Childhood obesity is associated with type 2 diabetes mellitus and nonalcoholic fatty liver disease (NAFLD). Recent studies have found associations between vitamin D deficiency (VDD), insulin resistance (IR), and NAFLD among overweight children. To further explore mechanisms mediating these effects, we fed young (age 25 days) Sprague-Dawley rats with a low-fat diet (LFD) alone or with vitamin D depletion (LFD+VDD). A second group of rats was exposed to a Westernized diet (WD: high-fat/high-fructose corn syrup) that is more typically consumed by overweight children, and was either replete (WD) or deficient in vitamin D (WD+VDD). Liver histology was assessed using the nonalcoholic steatohepatitis (NASH) Clinical Research Network (CRN) scoring system and expression of genes involved in inflammatory pathways were measured in liver and visceral adipose tissue after 10 weeks. In VDD groups, 25-OH-vitamin D levels were reduced to 29% (95% confidence interval [CI]: 23%-36%) compared to controls. WD+VDD animals exhibited significantly greater hepatic steatosis compared to LFD groups. Lobular inflammation as well as NAFLD Activity Score (NAS) were higher in WD+VDD versus the WD group (NAS: WD+VDD 3.2 ± 0.47 versus WD 1.50 ± 0.48, P < 0.05). Hepatic messenger RNA (mRNA) levels of Toll-like receptors (TLR)2, TLR4, and TLR9, as well as resistin, interleukins (IL)-1β, IL-4, and IL-6 and oxidative stress marker heme oxygenase (HO)-1, were higher in WD+VDD versus WD animals (P < 0.05). Logistic regression analyses showed significant associations between NAS score and liver mRNA levels of TLRs 2, 4, and 9, endotoxin receptor CD14, as well as peroxisome proliferator activated receptor (PPAR)γ, and HO-1.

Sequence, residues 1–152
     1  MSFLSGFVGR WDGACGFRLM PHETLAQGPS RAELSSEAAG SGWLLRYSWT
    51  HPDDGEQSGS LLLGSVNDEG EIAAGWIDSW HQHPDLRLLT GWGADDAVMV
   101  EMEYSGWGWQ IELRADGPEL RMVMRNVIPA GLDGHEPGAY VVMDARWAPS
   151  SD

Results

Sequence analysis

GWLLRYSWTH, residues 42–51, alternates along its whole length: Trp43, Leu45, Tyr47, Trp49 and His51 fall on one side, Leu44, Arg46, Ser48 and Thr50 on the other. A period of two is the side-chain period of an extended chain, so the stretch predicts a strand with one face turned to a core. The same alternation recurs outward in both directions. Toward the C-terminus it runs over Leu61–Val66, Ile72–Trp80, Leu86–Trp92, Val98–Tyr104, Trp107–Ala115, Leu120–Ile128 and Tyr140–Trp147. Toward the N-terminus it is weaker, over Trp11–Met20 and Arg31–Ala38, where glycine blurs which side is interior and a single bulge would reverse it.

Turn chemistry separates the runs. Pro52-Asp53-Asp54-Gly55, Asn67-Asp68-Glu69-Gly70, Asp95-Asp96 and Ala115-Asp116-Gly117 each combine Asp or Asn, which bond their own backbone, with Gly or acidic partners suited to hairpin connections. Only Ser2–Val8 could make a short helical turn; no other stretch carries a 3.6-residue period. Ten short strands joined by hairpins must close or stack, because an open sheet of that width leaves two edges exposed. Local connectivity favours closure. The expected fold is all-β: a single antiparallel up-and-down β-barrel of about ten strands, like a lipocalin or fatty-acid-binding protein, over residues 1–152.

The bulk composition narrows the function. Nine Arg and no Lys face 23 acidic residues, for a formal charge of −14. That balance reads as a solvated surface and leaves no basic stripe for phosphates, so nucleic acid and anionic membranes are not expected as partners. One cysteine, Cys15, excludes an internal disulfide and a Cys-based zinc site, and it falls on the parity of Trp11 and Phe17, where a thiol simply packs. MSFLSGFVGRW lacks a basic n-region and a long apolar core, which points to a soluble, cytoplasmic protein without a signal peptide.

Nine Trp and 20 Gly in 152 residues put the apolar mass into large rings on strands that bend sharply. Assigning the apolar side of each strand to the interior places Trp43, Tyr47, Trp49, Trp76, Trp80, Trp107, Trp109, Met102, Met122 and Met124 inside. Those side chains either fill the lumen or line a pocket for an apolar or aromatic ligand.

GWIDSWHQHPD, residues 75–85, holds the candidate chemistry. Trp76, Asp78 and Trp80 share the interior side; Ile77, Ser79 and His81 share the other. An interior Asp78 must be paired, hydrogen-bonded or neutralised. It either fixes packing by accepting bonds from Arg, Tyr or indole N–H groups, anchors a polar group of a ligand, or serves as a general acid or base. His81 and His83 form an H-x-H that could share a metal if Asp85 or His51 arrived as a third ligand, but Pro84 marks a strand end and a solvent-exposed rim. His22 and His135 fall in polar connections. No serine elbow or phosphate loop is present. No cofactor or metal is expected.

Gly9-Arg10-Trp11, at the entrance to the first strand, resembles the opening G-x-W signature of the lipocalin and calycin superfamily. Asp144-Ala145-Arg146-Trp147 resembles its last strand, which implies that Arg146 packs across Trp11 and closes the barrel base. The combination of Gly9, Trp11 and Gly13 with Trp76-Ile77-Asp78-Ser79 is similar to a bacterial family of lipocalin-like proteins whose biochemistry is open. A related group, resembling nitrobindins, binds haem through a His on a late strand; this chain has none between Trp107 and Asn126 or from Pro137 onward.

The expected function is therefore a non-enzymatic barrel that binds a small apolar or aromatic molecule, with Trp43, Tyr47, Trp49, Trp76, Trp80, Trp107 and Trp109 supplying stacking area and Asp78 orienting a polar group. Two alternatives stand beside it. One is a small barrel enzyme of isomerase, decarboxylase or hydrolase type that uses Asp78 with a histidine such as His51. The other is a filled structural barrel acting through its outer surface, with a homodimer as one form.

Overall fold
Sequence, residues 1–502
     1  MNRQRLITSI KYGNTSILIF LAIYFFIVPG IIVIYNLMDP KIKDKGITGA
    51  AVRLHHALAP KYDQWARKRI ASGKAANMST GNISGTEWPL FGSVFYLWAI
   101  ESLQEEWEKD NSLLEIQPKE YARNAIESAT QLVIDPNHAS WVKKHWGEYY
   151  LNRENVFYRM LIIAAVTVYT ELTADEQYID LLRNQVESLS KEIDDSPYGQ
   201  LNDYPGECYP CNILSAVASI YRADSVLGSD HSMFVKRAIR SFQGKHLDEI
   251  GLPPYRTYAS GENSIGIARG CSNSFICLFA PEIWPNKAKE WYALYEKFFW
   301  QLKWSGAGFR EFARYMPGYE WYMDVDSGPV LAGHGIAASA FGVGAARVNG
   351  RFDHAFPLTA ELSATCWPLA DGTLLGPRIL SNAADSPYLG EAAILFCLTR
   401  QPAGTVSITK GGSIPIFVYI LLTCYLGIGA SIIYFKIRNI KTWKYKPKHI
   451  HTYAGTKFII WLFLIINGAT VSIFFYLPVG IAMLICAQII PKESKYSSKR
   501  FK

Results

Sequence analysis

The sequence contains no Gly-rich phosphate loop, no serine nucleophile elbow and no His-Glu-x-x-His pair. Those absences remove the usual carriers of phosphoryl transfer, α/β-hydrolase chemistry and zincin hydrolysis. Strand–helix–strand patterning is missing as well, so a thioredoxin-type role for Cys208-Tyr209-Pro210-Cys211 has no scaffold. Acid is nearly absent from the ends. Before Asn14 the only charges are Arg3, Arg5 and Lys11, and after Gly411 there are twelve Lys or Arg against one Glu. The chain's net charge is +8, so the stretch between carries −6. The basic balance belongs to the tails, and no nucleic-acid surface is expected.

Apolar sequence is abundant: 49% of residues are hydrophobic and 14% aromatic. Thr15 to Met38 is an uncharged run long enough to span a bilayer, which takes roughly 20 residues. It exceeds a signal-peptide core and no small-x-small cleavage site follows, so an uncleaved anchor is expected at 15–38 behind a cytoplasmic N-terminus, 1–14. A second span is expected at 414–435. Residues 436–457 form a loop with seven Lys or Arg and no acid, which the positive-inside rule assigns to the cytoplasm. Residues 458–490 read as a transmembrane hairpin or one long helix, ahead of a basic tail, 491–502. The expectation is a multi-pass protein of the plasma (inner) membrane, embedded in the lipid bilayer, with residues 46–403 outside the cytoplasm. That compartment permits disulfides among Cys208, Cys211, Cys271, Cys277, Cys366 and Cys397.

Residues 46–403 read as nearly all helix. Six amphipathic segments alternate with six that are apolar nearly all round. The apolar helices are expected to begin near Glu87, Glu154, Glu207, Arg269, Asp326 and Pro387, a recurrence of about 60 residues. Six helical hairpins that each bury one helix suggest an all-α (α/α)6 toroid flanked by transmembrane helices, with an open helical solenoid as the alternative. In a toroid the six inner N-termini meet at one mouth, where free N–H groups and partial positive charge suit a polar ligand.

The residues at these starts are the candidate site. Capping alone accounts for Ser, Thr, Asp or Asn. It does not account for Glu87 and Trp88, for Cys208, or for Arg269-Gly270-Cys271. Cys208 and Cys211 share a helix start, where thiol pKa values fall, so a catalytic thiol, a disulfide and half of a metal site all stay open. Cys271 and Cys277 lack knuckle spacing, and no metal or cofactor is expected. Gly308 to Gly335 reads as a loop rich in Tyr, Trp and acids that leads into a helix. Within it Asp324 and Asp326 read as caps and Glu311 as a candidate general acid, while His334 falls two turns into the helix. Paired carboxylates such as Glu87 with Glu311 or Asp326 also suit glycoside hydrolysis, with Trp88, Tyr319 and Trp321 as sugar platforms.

Conclusion: VDD exacerbates NAFLD through TLR-activation, possibly by way of endotoxin exposure in a WD rat model. In addition it causes IR, higher hepatic resistin gene expression, and up-regulation of hepatic inflammatory and oxidative stress genes.
Copyright © 2011 American Association for the Study of Liver Diseases.